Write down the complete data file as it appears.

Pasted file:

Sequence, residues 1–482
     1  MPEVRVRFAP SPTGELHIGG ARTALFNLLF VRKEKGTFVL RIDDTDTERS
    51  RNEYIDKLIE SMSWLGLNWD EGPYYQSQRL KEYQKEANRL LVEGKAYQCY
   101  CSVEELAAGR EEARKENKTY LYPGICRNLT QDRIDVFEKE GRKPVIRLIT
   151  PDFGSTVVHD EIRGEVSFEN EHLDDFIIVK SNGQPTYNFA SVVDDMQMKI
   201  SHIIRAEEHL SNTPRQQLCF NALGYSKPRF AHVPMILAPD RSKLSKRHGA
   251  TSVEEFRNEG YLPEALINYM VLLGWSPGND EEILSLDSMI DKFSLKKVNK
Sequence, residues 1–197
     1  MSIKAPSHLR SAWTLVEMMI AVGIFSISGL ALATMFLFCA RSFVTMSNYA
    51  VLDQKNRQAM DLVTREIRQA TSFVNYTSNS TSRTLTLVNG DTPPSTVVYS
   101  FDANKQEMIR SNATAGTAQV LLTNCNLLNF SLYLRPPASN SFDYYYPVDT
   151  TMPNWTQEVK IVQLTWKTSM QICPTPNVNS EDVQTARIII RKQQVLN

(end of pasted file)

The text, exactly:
Sequence, residues 1–482
     1  MPEVRVRFAP SPTGELHIGG ARTALFNLLF VRKEKGTFVL RIDDTDTERS
    51  RNEYIDKLIE SMSWLGLNWD EGPYYQSQRL KEYQKEANRL LVEGKAYQCY
   101  CSVEELAAGR EEARKENKTY LYPGICRNLT QDRIDVFEKE GRKPVIRLIT
   151  PDFGSTVVHD EIRGEVSFEN EHLDDFIIVK SNGQPTYNFA SVVDDMQMKI
   201  SHIIRAEEHL SNTPRQQLCF NALGYSKPRF AHVPMILAPD RSKLSKRHGA
   251  TSVEEFRNEG YLPEALINYM VLLGWSPGND EEILSLDSMI DKFSLKKVNK
Sequence, residues 1–197
     1  MSIKAPSHLR SAWTLVEMMI AVGIFSISGL ALATMFLFCA RSFVTMSNYA
    51  VLDQKNRQAM DLVTREIRQA TSFVNYTSNS TSRTLTLVNG DTPPSTVVYS
   101  FDANKQEMIR SNATAGTAQV LLTNCNLLNF SLYLRPPASN SFDYYYPVDT
   151  TMPNWTQEVK IVQLTWKTSM QICPTPNVNS EDVQTARIII RKQQVLN